This is England
I miss Canada. This may surprise you, if you have read my previous posts (the one where I ranted about roundabouts, for instance, or the one where I whined about … well, anything) but from the age of 17, I have had a connection and a love affair with Canada. I was always drawn to its stunning, dramatic beauty; its clean, open spaces and laid-back way of life. It was my chosen home for 12 years, and it will always have a special place in my heart (though at the moment we are enjoying something of a long distance relationship).
This picture wasn’t taken in Canada, though. This is England. Now I’m back, I am rediscovering the beauty of this country, and I have to say, I quite like it. I quite like it a lot. This weekend, friend Mia, daughter Kerri, Buddy The Rottie and Hallie the Jet-Setting mutt, drive 7 hours north to visit Mia’s daughter Annie and her boyfriend Alex, in what I had assumed was going to be a sleepy little village in the middle of Up North. All I knew about our destination (Holmfirth in Yorkshire) was that it was used to film Last of the Summer Wine, a TV series about a group of delinquent old codgers who rampaged through the countryside causing havoc and, I suppose, drinking wine. (sounds a bit like this weekend, actually).
I have since learned that it is the longest running sitcom in the world. It ran for 31 series from 1973 to 2010, though I maybe saw two episodes in my life. Hence my ignorance about Holmfirth, which is neither sleepy nor a village.
Holmfirth lies slap bang in the middle of the country, close to Huddersfield, and almost equal distance from Leeds, Manchester and Sheffield. I have never been to any of those places, and I have no idea what to expect, other than the preconceived stereotypical notion that I would find stone-walled fields full of sheep, men in flat caps sitting alone in pub corners nursing a pint of Yorkshire ale, and people talking funny. I was right of course – I do find those things, but I find so much more as well.
I find a place that looks like it should be stuck in its own TV programme, with its pretty stone houses, oak-beamed country pubs, and endless, rolling green fields, but as well as being beautiful, it was buzzing, vibrant and full of energy.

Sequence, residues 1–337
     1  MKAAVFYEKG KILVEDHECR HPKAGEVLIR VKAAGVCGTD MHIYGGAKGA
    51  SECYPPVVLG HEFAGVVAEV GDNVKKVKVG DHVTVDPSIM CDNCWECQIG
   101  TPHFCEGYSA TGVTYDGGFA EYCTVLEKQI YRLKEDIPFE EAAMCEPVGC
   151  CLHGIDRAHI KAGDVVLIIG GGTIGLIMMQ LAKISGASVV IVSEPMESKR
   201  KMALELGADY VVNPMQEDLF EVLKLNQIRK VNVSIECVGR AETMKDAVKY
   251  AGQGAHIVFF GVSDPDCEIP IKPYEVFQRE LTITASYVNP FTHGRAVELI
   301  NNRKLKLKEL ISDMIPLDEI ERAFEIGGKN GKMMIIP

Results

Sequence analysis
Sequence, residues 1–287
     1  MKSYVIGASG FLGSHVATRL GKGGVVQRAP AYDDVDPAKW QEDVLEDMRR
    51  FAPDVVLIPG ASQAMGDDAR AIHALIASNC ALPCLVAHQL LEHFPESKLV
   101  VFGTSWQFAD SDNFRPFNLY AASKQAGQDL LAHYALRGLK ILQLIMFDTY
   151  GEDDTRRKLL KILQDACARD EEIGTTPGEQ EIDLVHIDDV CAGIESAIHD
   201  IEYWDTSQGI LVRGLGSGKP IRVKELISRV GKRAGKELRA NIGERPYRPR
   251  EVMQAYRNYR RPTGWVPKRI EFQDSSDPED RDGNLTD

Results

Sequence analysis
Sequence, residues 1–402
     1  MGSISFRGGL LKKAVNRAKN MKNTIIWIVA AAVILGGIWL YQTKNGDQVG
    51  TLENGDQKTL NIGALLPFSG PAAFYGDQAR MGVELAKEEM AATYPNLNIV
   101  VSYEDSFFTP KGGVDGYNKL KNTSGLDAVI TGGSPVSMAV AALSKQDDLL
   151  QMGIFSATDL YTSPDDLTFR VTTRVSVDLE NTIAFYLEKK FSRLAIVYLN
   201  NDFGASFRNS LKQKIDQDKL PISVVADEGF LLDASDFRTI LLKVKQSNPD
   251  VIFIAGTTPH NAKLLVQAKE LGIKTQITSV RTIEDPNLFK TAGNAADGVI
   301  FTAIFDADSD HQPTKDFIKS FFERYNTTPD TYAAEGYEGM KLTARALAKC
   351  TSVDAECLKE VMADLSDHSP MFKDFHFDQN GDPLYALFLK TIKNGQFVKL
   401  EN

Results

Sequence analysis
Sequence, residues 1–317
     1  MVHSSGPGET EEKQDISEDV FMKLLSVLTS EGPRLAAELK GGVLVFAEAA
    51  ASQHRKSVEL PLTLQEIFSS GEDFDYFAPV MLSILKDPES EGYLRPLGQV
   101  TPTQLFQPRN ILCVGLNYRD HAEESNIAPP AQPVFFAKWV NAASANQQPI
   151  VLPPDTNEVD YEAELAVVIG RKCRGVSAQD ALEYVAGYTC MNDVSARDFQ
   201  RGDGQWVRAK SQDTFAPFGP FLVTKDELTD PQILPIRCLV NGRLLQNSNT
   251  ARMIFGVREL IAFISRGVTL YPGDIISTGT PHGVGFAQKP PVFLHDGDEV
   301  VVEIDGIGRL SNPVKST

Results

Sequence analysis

We take the dogs for an eventful walk through some countryside that could have been anywhere in the world – Canada included. It has the prerequisite stone walls, but it also has thick forests of towering pine trees, steep rocky inclines, and a stunningly pretty lake. And it has weather – every kind of weather, as it turns out. When we start walking, although freezing, it is in the glow of a sunny blue sky, and throughout the next hour and a half, we are treated to thick snow flurries, hail and even thunder. It is the kind of fun, invigorating walk that makes you feel lucky to be alive.
If I am overselling the walk, wait until you hear about lunch. Back in town, in a local bar/restaurant, Kerri and I feel it would be rude not to order the Giant Yorkshire pudding with sausage and mash. When in Yorkshire, and all that. “Giant” is not really the right word for it though. Here it is:
Our evening is spent at a trendy wine bar that serves amazing cocktails, a brilliant music venue with a free Bowie-themed night, and a heaving club-type bar with no flat caps in sight.
If that isn’t enough, real estate is ridiculously cheap (compared to the south anyway). Fancy a 5 bedroom barn conversion on half an acre with stunning views across the valleys? It’s yours for £250,000 (around $480,000).
This isn’t a picture of the barn conversion though. It’s a ruined castle at the top of a hill, where we take our hangovers on the crisp Sunday morning. That’s just what you do when you are in Yorkshire.